FERC: Electric Vehicles Must Be
Integrated Into Grid
Jan 26, 2009 - Dow Jones &
Federal Energy Regulatory Commission Chairman Jon
Wellinghoff said Monday regulators and the automobile
industry must integrate electric vehicles into the
national power grid.
The call by the newly appointed FERC chairman is
in line with President Barack Obama's plan to reduce
greenhouse gas emissions and wean the country off
of crude imports, and comes as the President announced
two major initiatives that would increase vehicle
fuel efficiency standards.
FERC has the power to implement rate structures that
could encourage the growth of the hybrid industry.
"Consumers are going to understand from an economic
standpoint that these automobiles make a lot of sense,
so we have to integrate them into the grid," Wellinghoff
said at a PJM Interconnection conference in Pennsylvania.
PJM is a regional transmission company that coordinates
wholesale electricity flows across more than a dozen
"You can see that if you're an automobile company,
you'd better get on the bandwagon, because if you
don't, you're going to be left out of the band because
there is definitely going to be a move toward electrification
worldwide," Wellinghoff said.
By using electric generation from coal, nuclear,
renewable and natural gas sources, battery-power cars
could dramatically cut demand for crude products.
Obama said Monday his administration would review
a request by California to set its own emission standards
that would force higher fuel efficiency standards,
a decision being watched by more than a dozen other
states that want to implement similar new standards.
The President also said he was considering increasing
national fuel standards beyond what the previous administration
had recently ruled.
"Any emission-related focus will encourage the market
for plug-in vehicles, hybrids, and fuel efficient
cars," said Arshad Mansoor, vice president of power
delivery and utilization at the Electric Power Research
With cars often used only a small fraction of a 24-hour
day, battery-operated vehicles could be paid for services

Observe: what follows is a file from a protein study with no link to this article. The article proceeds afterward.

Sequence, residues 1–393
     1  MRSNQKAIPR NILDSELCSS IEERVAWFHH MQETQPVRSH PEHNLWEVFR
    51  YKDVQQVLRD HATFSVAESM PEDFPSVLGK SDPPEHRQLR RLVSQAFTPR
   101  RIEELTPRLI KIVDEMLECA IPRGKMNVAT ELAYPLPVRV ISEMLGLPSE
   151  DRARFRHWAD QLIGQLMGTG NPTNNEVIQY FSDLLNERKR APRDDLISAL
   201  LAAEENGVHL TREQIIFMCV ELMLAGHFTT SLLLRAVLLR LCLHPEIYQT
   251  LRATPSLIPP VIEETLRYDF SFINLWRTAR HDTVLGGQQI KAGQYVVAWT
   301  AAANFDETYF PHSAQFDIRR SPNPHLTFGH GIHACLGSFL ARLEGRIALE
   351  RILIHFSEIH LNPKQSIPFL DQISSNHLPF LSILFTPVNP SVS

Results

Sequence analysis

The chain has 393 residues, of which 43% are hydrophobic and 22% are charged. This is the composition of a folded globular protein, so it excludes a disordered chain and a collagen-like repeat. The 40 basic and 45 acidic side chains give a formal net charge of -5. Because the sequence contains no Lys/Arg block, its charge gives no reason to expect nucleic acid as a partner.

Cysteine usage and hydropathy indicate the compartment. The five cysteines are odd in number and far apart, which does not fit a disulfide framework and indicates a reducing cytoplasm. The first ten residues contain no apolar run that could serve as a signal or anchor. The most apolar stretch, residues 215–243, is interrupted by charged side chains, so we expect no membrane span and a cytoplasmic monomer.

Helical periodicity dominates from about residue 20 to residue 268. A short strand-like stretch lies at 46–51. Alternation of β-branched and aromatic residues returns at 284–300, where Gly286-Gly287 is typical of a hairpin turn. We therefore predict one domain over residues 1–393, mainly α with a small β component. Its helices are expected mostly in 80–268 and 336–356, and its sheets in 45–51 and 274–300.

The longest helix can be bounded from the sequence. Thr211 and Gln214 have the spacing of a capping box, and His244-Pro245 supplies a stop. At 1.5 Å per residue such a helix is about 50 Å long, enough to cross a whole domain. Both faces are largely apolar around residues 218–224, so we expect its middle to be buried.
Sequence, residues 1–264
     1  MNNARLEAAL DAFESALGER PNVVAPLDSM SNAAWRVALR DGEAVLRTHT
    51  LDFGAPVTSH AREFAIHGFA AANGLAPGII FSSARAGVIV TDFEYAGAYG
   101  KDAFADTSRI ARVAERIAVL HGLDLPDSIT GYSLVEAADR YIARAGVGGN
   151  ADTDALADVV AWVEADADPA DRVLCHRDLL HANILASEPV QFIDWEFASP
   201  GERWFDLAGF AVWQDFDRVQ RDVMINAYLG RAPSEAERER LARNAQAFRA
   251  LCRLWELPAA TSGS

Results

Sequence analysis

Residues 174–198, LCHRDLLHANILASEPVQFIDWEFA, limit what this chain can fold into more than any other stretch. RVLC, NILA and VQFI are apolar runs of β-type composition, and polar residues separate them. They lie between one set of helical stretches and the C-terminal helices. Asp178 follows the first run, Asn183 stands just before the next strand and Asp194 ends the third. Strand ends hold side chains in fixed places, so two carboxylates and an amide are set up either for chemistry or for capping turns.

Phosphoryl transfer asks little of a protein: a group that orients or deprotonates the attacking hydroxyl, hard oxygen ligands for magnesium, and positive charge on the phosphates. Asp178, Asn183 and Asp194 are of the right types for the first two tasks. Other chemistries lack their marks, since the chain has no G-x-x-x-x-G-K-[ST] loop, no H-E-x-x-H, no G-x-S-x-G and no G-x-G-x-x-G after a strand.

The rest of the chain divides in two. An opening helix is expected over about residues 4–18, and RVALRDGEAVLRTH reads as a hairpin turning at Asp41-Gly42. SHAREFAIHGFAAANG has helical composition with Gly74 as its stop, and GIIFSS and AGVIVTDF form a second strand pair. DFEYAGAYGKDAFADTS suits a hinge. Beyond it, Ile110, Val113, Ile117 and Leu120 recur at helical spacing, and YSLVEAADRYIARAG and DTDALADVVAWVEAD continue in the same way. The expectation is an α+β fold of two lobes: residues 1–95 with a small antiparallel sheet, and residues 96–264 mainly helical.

to make the national grid more efficient, as part
of an artificially intelligent transmission system,
Batteries in plug-in vehicles could help in an essential
part of managing a grid called balancing, the second-by-second
matching of power supply with demand.
"You are using the battery as a shock absorber,
two-way energy flows that are either dumping energy
into or out of the system," Mansoor said by telephone
from the conference.
"It is creating a market where there's a value to
the electric utility industry and to the consumer,"
Wellinghoff said the FERC could create rate structures
that could help to encourage the plug-in market, paying
car owners for services such as balancing and helping
to solve intermittancy challenges that arise with
some renewable energies such as wind and solar. When
the sun isn't shining and the wind blowing, a vast
multitude of batteries in cars stored in sleeping
owners' garages could help provide supply. Besides
the long-term effects of reducing greenhouse gases
and oil imports, the advantages of a cash-back hybrid
include "saving owners money on the total energy bills,
and it will cost less than a conventional car in three
years or less of ownership," Wellinghoff said.
If gasoline prices return to $4 gallon, which many
energy industry analysts predict will happen especially
if the government fulfills its vow to put a premium
on emitting greenhouse gases, then consumers who want
to buy electric vehicles could help to finance their
costs through a FERC cash-back policy.
"Incorporating that savings into financing could
lower first costs for the car," the FERC chairman
New electric cars can cost double conventional combustion-driven
vehicles, creating a barrier to demand and keeping
production costs higher than if manufacturers were
able to mass produce the new technology.
In an effort to jump-start the industry, federal
lawmakers are considering $2,500 to $7,500 tax credits
for consumers who want to buy an electric vehicle.
Mansoor said one of the first tests for the industry
will be how well Chevrolet's electric Volt model sells.
Chevrolet is a unit of General Motors Corp. (GM).
Although the Volt won't have the two-way-electricity
flow technology that's necessary, Mansoor said, "If
that (model) is successful, then the market evolving
for balancing resources and a smart grid evolving
to accommodate that communication... you're looking
at a five- to 10-year time frame."
-By Ian Talley, Dow Jones Newswires; 202-862-9285;